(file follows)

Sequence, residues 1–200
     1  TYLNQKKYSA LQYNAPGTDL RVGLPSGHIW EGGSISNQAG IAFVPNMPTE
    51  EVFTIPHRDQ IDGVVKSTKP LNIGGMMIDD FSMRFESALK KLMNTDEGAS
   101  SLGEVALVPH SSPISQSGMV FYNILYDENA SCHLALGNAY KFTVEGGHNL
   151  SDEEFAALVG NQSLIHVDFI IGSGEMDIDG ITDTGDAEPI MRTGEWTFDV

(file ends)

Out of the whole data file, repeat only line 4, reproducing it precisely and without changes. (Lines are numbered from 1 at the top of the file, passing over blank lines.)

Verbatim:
   101  SLGEVALVPH SSPISQSGMV FYNILYDENA SCHLALGNAY KFTVEGGHNL